take one's time
phrasal to be leisurely about doing something

New Collegiate Dictionary. 2001.

Look at other dictionaries:

  • take one's time — {v. phr.} To avoid haste; act in an unhurried way. * /He liked to take his time over breakfast./ * /It is better to take your time at this job than to hurry and make mistakes./ …   Dictionary of American idioms

  • take one's time — {v. phr.} To avoid haste; act in an unhurried way. * /He liked to take his time over breakfast./ * /It is better to take your time at this job than to hurry and make mistakes./ …   Dictionary of American idioms

  • take one's leave — or[take leave of] {v. phr.}, {formal} To say good bye and leave. * /He stayed on after most of the guests had taken their leave./ * /The messenger bowed and took leave of the queen./ [leave taking] {n.} The end of school in June is a time of… …   Dictionary of American idioms

  • take one's leave — or[take leave of] {v. phr.}, {formal} To say good bye and leave. * /He stayed on after most of the guests had taken their leave./ * /The messenger bowed and took leave of the queen./ [leave taking] {n.} The end of school in June is a time of… …   Dictionary of American idioms

  • To take one's own course — Take Take, v. t. [imp. {Took} (t[oo^]k); p. p. {Taken} (t[=a]k n); p. pr. & vb. n. {Taking}.] [Icel. taka; akin to Sw. taga, Dan. tage, Goth. t[=e]kan to touch; of uncertain origin.] 1. In an active sense; To lay hold of; to seize with the hands …   The Collaborative International Dictionary of English

  • To take one's measure — measure meas ure (m[e^]zh [ u]r; 135), n. [OE. mesure, F. mesure, L. mensura, fr. metiri, mensus, to measure; akin to metrum poetical measure, Gr. me tron, E. meter. Cf. {Immense}, {Mensuration}, {Mete} to measure.] 1. A standard of dimension; a… …   The Collaborative International Dictionary of English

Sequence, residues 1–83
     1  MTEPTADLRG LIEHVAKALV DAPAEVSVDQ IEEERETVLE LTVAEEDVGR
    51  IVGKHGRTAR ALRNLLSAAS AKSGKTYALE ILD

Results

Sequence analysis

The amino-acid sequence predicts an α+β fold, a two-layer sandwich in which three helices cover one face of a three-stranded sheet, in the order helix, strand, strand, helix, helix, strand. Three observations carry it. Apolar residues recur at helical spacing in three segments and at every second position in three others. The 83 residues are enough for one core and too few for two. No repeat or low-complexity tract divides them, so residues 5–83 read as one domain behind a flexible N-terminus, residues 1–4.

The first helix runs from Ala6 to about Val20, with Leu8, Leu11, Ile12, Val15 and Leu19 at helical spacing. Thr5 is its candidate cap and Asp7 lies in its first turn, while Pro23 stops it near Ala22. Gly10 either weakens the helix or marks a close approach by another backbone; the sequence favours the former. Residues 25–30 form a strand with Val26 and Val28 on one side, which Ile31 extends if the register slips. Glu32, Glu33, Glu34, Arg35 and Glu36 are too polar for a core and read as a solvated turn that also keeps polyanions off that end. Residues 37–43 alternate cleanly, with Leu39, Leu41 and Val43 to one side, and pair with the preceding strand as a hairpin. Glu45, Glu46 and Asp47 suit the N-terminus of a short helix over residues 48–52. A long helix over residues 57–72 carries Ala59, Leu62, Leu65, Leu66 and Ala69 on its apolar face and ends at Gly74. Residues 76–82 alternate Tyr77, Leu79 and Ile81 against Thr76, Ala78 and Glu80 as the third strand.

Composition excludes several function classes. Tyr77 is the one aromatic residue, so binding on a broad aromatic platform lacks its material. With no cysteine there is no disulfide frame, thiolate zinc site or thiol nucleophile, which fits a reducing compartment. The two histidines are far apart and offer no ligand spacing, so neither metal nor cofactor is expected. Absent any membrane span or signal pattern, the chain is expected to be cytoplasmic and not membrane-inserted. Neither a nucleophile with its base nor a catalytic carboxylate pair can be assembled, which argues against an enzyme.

• ...Baby One More Time — Baby One More Time …   Wikipedia

  • To take upon one's self — Take Take, v. t. [imp. {Took} (t[oo^]k); p. p. {Taken} (t[=a]k n); p. pr. & vb. n. {Taking}.] [Icel. taka; akin to Sw. taga, Dan. tage, Goth. t[=e]kan to touch; of uncertain origin.] 1. In an active sense; To lay hold of; to seize with the hands …   The Collaborative International Dictionary of English

  • To break one's fast — Fast Fast, n. [OE. faste, fast; cf. AS. f[ae]sten, OHG. fasta, G. faste. See {Fast}, v. i.] 1. Abstinence from food; omission to take nourishment. [1913 Webster] Surfeit is the father of much fast. Shak. [1913 Webster] 2. Voluntary abstinence… …   The Collaborative International Dictionary of English

  • To fall into one's hands — Fall Fall (f[add]l), v. i. [imp. {Fell} (f[e^]l); p. p. {Fallen} (f[add]l n); p. pr. & vb. n. {Falling}.] [AS. feallan; akin to D. vallen, OS. & OHG. fallan, G. fallen, Icel. Falla, Sw. falla, Dan. falde, Lith. pulti, L. fallere to deceive, Gr.… …   The Collaborative International Dictionary of English

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